North Carolina reaches 100 percent broadband connectivity in K-12 schools
May 24, 2018
State officials initially hoped to achieve this milestone by 2022, but after re-evaluating their approach, they found a way to reach all students in 2018.
From "full-time grandparent" to state lawmaker, Horn advocates for technology-enabled learning and wireless broadband access for all.
Emily Tate is a staff reporter at Scoop News Group covering education and technology for EdScoop, StateScoop and FedScoop. She writes about the lat...
Craig Horn didn’t set out to become North Carolina’s “education legislator.” A series of events unfolded over the last decade to earn the Republican state lawmaker that reputation — and the nickname.
For most of his adult life, Horn figured the apex of his education leadership had come and passed in the 1970s, when he served as PTA president for his child’s middle school in Maryland. Thirty years later, as Horn sprinkled school volunteer work on a schedule of “full-time grandparenting” in North Carolina, he realized he was itching for something more.
Now a member of the North Carolina General Assembly "doggedly committed to the cause" of education — as one colleague put it — Horn co-chairs a number of education-related committees, including one on digital education.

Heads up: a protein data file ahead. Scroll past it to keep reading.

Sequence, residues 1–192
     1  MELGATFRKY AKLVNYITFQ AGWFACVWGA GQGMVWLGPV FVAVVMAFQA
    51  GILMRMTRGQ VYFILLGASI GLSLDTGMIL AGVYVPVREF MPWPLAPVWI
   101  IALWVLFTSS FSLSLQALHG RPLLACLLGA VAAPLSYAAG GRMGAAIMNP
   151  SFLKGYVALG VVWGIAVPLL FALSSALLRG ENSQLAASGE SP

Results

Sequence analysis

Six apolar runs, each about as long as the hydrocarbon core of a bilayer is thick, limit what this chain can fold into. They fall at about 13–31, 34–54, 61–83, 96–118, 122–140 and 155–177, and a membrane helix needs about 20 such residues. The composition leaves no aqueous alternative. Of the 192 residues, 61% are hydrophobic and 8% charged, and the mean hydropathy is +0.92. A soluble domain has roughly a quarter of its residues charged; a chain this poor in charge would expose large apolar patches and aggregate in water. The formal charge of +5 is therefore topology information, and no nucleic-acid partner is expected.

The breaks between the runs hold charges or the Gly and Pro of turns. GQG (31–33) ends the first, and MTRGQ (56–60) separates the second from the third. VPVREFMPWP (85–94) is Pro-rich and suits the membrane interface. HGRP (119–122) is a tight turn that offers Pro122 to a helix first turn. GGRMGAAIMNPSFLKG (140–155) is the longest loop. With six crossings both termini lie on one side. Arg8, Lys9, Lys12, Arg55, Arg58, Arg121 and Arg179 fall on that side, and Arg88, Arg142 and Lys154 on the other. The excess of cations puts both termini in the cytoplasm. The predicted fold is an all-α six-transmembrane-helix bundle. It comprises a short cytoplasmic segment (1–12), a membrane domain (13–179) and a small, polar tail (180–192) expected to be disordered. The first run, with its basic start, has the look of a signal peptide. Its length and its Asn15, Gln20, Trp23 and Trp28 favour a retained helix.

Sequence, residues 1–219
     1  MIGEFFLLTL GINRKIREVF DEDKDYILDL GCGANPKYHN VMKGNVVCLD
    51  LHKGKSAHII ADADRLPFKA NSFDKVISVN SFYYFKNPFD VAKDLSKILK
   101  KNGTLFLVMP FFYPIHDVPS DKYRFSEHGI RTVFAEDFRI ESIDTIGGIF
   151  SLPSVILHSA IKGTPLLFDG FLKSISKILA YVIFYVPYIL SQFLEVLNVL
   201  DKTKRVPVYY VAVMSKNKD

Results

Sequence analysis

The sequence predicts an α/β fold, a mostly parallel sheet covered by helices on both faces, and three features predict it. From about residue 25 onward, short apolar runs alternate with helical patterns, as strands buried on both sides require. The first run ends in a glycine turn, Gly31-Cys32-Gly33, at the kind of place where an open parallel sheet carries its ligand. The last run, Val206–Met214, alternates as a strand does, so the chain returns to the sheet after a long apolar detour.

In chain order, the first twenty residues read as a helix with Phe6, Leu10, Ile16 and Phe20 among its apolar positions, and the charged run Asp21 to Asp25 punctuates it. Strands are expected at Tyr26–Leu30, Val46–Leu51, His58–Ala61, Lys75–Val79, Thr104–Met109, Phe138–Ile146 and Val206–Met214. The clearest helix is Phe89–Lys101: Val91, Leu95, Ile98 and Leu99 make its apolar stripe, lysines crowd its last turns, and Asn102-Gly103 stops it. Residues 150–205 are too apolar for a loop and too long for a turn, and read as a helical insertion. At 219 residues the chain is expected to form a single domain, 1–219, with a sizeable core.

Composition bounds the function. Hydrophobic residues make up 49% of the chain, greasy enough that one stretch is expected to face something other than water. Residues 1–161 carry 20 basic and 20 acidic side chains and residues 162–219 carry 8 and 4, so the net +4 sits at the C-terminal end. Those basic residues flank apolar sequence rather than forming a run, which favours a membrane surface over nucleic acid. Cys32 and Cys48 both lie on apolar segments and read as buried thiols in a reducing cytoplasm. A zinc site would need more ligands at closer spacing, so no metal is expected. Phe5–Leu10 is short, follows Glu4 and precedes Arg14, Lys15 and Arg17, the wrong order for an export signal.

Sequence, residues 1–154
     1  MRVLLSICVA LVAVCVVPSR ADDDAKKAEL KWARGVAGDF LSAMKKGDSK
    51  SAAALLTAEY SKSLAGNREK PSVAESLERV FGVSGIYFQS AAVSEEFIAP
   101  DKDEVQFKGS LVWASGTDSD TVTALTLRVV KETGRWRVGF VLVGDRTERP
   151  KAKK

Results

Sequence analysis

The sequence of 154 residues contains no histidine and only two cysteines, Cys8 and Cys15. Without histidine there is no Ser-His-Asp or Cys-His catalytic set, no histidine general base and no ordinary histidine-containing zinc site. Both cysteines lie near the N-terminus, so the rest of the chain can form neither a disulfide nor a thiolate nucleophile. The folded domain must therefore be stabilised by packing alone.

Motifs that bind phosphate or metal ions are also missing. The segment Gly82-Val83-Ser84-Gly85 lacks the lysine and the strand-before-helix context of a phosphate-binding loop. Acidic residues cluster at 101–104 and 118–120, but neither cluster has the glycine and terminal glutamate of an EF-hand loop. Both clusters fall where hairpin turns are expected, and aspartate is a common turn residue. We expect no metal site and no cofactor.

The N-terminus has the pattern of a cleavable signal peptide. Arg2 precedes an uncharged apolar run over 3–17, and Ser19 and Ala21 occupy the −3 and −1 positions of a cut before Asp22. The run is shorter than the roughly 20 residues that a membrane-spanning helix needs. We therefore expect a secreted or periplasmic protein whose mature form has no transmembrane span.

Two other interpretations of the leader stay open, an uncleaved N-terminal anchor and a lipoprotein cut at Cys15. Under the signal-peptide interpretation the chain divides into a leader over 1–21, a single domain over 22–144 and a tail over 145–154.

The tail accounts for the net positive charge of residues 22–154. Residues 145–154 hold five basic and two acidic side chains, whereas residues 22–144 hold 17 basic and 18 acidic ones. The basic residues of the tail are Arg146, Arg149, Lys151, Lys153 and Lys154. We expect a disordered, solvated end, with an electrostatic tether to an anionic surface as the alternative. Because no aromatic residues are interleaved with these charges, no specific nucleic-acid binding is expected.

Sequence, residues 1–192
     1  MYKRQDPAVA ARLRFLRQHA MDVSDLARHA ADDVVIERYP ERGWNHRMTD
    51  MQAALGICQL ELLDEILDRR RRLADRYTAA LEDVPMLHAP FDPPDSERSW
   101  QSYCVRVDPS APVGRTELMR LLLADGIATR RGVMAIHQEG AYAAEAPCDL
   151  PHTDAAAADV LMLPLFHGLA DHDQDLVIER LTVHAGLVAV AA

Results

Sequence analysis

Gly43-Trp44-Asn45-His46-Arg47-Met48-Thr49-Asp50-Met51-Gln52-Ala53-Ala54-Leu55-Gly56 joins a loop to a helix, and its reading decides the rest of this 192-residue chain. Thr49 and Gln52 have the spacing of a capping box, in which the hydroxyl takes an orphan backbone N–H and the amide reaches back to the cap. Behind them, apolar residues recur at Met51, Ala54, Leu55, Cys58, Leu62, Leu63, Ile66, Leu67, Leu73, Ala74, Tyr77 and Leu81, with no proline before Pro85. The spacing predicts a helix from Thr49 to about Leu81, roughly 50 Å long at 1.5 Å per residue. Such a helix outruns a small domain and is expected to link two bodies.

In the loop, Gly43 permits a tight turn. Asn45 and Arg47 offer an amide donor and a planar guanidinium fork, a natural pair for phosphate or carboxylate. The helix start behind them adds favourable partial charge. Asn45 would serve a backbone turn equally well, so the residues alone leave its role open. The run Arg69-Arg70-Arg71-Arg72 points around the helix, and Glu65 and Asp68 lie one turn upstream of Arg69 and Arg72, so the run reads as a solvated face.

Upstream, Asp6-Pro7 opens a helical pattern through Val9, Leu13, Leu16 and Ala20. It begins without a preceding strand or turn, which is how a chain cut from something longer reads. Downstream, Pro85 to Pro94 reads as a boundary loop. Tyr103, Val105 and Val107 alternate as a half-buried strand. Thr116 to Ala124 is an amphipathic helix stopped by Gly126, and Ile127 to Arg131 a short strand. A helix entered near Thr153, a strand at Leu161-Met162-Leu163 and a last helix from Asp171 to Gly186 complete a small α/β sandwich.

Horn has led an effort to make North Carolina the first state in the country to provide wireless broadband access in every single classroom — a goal slated to be achieved in 2018. He’s also worked with the Friday Institute at North Carolina State University to create a statewide digital learning plan and drafted legislation to bring together K-12 schools and higher ed institutions in the effort to expand classroom technology.
The fourth-term state House member is now leading an effort to “fundamentally change” how North Carolina trains its educators to teach — and, hopefully, thrive — in a digital education environment, he told EdScoop.
“[Horn] is an unmatched collaborator, powerful negotiator and tireless champion for the transition to technology-enabled personalized learning for each North Carolina student,” said Julie Kowal, vice president of policy and research at education policy nonprofit BEST NC.
“He is curious and empathetic, driving his own advocacy at the state legislature by the experiences and needs of students — current and future — across the state, even though they are often quite different from his own,” added Kowal, who is a friend and colleague of Horn’s.